Can anyone tell me what’s a good navigation for my intranet?
Why don’t food shops sell a standard dinner party recipe kit? Because, as Monty Python said “We’re all individuals! …”. Your navigation has to suit your particular audience of employees. Arrange the information architecture so that the most useful and desirable things are easiest to get to, use words employees understand for labelling and group information together that makes sense to your employees. Remember, ‘you are not the audience’. Do your research – do some post-it note exercises to find out how people naturally want to group information and do it with a mix of people from across the organisation.

When it comes down to it, to make a dinner party work, you need a good mix of guests, an environment conducive to relaxation and conversation and some great food, but most importantly, it’s up to you, the host, to work out the best mix of everything to suit your guests and lay it on.

For your intranet find nice way to point out to the CEO that their desires, when put against the needs of the other 99.999% of the organisation are not actually significant. Design and craft content for your audience of employees, answer their needs and then show your CEO how you’re enabling a more efficient and productive workforce.

Now. Who’s for coffee?

The Long Dog.



Tags: , , , , , , , , , , ,

Client-centred design

Posted in Communications, UCD, usability, User-Centred Design, UXD, web, web 2.0 on August 3rd, 2011 by The Long Dog

Client-centred design.As good and diligent professionals we should all be creating products and services, designed to meet the needs and motivations of our customers – some of us call this user-centred design. But how often do we think about the needs, capabilities and motivations of the people who are paying us to do this work? What about client-centred design?

We understand that not creating with our intended audience in mind means our work can be confusing, inaccessible or simply ignored. The same thing happens with clients – external companies engaging us, or simply our bosses, colleagues and stakeholders. Regardless of the actual work we’re producing there are some things we need to consider when communicating or delivering our finished work or work in progress.

People’s heads are set up differently. While some love to read clear and detailed reports and not bother with all that ‘fluffy stuff’, some engage in creative narrative processes and can’t be bothered with all that ‘guff in reports’. Get a broad understanding of your client audience with some simple personality profiling so you and your colleagues can communicate with them in ways they understand and you’re halfway there.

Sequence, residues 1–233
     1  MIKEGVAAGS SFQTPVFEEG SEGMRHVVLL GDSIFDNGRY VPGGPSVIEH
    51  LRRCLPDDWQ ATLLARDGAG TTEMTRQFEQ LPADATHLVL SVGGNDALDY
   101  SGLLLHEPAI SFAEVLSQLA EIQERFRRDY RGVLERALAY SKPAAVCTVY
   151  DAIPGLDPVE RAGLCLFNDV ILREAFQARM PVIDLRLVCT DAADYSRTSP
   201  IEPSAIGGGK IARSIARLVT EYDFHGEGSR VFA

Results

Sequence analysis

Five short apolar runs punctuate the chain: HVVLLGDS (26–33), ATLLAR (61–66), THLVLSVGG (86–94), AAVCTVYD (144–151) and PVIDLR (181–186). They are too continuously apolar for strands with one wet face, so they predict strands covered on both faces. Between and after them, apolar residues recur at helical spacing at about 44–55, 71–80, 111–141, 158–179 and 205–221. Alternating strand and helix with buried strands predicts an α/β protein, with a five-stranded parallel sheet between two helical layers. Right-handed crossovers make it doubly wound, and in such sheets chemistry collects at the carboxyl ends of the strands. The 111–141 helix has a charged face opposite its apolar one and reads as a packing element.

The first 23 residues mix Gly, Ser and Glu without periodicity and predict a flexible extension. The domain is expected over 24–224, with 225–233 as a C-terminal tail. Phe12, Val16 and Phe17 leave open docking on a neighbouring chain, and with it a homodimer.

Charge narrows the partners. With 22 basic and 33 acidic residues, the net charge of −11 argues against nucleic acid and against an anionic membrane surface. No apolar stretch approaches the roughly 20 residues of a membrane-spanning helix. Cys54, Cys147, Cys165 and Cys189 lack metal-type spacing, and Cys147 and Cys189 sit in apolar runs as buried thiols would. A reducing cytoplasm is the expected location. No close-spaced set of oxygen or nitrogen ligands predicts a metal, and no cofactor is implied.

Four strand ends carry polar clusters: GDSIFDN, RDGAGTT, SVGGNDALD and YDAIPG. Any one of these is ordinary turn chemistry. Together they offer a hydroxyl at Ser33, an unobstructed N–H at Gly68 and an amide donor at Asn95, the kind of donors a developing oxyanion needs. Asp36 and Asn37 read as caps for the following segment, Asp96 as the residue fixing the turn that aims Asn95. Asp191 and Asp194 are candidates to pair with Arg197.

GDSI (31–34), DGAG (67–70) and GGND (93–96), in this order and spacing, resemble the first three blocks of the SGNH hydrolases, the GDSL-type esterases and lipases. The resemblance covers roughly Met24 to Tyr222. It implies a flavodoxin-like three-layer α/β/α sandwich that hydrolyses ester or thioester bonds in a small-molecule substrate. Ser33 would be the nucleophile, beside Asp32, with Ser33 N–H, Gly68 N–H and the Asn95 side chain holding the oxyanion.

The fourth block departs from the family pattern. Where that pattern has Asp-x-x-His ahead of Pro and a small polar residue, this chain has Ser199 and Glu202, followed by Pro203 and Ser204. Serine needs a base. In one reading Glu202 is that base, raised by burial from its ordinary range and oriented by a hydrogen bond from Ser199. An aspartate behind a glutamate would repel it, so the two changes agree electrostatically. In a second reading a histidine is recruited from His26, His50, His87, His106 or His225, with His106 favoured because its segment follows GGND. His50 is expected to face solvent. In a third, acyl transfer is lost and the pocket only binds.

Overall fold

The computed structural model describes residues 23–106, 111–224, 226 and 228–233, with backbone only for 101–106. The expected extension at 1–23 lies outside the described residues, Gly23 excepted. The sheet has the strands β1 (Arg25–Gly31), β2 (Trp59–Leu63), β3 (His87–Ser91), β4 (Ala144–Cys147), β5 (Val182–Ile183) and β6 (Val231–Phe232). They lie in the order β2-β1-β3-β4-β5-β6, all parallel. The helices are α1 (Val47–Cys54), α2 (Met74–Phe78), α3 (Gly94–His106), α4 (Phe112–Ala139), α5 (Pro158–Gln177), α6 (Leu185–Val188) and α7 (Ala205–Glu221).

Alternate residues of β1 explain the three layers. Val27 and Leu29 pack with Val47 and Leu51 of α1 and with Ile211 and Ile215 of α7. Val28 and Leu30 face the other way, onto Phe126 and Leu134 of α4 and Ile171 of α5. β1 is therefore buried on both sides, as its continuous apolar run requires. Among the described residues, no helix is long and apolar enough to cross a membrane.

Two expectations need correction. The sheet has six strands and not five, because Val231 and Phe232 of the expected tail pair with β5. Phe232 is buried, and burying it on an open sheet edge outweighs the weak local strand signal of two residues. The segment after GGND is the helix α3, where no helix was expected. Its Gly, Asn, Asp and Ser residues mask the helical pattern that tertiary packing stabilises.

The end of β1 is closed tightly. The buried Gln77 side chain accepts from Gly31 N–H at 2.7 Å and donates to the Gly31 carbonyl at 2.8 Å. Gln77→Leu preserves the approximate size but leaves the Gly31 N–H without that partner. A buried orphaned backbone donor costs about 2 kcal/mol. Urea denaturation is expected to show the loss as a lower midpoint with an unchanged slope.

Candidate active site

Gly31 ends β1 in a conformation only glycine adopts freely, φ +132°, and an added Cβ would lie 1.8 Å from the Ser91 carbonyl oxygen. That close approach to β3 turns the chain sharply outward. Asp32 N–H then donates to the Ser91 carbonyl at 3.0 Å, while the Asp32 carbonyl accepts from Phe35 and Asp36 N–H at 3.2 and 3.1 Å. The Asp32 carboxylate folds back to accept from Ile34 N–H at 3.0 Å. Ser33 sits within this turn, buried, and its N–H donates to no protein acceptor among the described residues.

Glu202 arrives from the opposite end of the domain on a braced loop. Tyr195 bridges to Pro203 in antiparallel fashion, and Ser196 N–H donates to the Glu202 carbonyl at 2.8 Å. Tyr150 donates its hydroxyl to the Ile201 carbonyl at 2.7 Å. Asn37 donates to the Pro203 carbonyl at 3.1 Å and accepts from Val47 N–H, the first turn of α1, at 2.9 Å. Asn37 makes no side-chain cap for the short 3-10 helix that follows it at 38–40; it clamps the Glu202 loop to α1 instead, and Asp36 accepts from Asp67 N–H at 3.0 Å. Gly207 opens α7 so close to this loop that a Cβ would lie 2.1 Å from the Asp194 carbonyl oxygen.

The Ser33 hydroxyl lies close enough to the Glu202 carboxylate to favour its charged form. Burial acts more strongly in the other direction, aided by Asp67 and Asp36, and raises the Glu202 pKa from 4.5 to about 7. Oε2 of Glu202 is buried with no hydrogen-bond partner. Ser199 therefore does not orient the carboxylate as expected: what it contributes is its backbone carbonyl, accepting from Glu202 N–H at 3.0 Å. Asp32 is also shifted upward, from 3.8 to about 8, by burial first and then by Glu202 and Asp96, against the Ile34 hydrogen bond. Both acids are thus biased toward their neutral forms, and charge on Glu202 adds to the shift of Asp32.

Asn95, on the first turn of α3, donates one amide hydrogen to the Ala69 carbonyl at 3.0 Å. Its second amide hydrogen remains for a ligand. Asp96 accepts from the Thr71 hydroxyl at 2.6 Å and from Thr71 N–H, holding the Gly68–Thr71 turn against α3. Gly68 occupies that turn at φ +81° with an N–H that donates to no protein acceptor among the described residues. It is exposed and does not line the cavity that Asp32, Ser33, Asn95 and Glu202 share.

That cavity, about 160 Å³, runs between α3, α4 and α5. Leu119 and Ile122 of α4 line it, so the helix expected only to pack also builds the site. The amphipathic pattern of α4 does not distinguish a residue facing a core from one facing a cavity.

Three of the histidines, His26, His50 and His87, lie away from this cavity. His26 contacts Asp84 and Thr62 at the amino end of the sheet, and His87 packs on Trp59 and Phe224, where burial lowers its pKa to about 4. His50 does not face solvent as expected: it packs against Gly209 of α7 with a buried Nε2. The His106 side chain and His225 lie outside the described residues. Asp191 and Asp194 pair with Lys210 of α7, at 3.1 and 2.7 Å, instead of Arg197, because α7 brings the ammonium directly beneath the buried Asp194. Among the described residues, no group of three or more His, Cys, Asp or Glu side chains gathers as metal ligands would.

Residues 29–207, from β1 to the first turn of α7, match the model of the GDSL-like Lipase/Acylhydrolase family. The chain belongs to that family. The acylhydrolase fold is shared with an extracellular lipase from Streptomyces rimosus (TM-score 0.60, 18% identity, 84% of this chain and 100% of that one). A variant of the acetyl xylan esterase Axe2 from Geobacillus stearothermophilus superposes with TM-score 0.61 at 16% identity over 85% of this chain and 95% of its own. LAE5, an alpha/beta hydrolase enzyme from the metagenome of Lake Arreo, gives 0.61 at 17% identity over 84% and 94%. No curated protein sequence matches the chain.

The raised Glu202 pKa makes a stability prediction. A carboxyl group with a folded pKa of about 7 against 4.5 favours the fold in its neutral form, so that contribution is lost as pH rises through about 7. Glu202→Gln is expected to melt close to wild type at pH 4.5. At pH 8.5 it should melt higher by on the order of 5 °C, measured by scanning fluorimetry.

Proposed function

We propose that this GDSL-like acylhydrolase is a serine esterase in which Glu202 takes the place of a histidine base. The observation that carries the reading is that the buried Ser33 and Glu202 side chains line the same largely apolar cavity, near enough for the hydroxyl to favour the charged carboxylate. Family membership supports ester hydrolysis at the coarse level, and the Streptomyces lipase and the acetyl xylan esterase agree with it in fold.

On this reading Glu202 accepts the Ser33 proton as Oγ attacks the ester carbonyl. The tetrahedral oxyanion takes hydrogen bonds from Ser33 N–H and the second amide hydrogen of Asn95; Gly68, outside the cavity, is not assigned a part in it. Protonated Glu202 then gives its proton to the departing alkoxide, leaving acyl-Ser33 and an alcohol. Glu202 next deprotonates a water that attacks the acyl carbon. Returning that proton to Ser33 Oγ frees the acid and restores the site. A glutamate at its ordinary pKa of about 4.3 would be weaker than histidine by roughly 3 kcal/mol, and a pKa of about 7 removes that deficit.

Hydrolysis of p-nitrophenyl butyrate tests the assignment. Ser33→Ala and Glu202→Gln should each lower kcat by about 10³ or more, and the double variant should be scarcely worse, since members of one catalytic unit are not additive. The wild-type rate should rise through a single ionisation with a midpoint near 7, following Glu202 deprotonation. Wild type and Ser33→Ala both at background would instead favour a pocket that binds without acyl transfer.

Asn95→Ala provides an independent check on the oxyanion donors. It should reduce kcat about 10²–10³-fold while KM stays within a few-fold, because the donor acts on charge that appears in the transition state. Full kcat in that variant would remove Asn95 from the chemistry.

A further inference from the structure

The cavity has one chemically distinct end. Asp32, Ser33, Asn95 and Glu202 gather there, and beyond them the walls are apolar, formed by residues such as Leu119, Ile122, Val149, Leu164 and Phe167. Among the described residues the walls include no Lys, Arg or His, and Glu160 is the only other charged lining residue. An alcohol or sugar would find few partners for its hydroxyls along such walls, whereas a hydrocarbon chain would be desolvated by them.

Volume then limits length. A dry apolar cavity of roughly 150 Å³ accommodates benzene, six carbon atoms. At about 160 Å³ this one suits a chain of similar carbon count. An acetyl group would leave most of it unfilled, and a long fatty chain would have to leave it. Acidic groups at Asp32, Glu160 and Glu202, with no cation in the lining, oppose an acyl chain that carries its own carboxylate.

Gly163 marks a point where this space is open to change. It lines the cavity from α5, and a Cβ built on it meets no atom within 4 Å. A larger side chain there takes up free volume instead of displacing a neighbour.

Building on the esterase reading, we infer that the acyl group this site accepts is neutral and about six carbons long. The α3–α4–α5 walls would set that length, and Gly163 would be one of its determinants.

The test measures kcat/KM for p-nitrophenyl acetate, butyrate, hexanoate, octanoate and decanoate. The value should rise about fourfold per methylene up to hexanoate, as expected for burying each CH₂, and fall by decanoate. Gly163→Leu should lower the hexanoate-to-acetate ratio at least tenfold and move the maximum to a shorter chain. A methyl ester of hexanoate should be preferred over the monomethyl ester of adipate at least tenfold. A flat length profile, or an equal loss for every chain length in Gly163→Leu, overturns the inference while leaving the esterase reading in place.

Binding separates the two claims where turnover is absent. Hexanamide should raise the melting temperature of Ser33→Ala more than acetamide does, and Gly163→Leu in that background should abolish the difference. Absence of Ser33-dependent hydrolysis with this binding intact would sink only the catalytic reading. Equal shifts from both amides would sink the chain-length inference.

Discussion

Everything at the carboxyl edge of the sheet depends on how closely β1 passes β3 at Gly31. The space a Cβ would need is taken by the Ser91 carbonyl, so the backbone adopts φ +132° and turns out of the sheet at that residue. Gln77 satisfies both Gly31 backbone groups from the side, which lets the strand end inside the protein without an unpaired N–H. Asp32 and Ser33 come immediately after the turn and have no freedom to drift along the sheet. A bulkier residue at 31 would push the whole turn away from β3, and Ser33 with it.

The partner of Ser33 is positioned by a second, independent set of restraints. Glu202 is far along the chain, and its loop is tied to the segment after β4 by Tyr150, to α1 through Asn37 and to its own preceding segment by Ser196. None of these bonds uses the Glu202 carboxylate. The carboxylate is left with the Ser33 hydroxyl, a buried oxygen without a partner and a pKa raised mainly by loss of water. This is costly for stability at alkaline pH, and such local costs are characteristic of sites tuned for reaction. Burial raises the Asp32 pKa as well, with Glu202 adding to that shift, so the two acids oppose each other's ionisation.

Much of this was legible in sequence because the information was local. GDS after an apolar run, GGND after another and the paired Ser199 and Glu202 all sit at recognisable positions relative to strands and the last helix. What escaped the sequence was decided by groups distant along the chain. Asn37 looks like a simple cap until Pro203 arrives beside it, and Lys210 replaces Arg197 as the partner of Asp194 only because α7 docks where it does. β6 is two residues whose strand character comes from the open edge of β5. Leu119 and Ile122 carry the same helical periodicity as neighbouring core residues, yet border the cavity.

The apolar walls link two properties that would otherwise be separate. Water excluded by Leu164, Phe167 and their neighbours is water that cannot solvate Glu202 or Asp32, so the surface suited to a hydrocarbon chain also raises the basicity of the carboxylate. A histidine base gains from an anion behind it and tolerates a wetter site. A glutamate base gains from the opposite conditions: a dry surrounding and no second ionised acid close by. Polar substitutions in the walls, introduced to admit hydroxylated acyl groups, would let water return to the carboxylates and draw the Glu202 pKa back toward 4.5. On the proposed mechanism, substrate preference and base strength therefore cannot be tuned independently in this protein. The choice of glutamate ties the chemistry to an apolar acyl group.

I have some advice on how to do this in my post “Star Wars and Jungle Book personality profiling”.

Knowledge level
What does your client know about what you’re doing – everything or nothing? If they know everything get straight to the point. If they know nothing use a way of communicating that builds up their knowledge while telling why and how you’ve done things. Metaphor, story telling and other narratives are excellent ways to build up incremental complexity while cashing in on millennia of evolved communication tools.

Agree on certain areas and avoid later confusion or those buttock-clenching and often expensive moments that someone starts with “It’s not quite what I was expecting…”

1. Language and terminology. Make sure you all understand each other’s intent and terminology. You can capture assumptions and share them for approval in scope documents, glossaries, flash cards with pictorial examples (wireframes, site maps, personas etc) and present portfolios or previous work as examples.

2. Goals and objectives. If someone hasn’t done this already, please, please, PLEASE make sure you get a clear understanding of what you’re supposed to be doing. I’ve worked on nightmare projects where the best the account manager would allow was that the client “doesn’t know what he wants, but he says he’ll know when he sees it”. Not having a clear understanding of what you’re trying to achieve means it’s difficult to know when you’ve finished and how well you’ve succeeded.

Use scope documents, statements of work, PIDs (project initiation documents) and good old briefs to define your work and then you can agree (again) on what you’re doing. Create metrics to see how you’re doing and how well you’ve done overall. At the end you and your deliriously happy clients can all see that you’ve done what you’ve agreed to or understood why things haven’t gone to plan.

3. Communication style. There are as many different deliverables and communication styles as there are people. When you planning your work approach also plan for how you’ll deliver this work. Remember the reports vs. story telling? If your client doesn’t understand (or like) your deliverables or communication style, it doesn’t matter how good your work is.

Know thyself
In the spirit of my previous post “Presentation is a skill, not a human right”, play to your strengths and let someone else do the things you’re not so good at. If you’re not good at presenting or creating visuals get someone else to show off your work to its best.

The most important…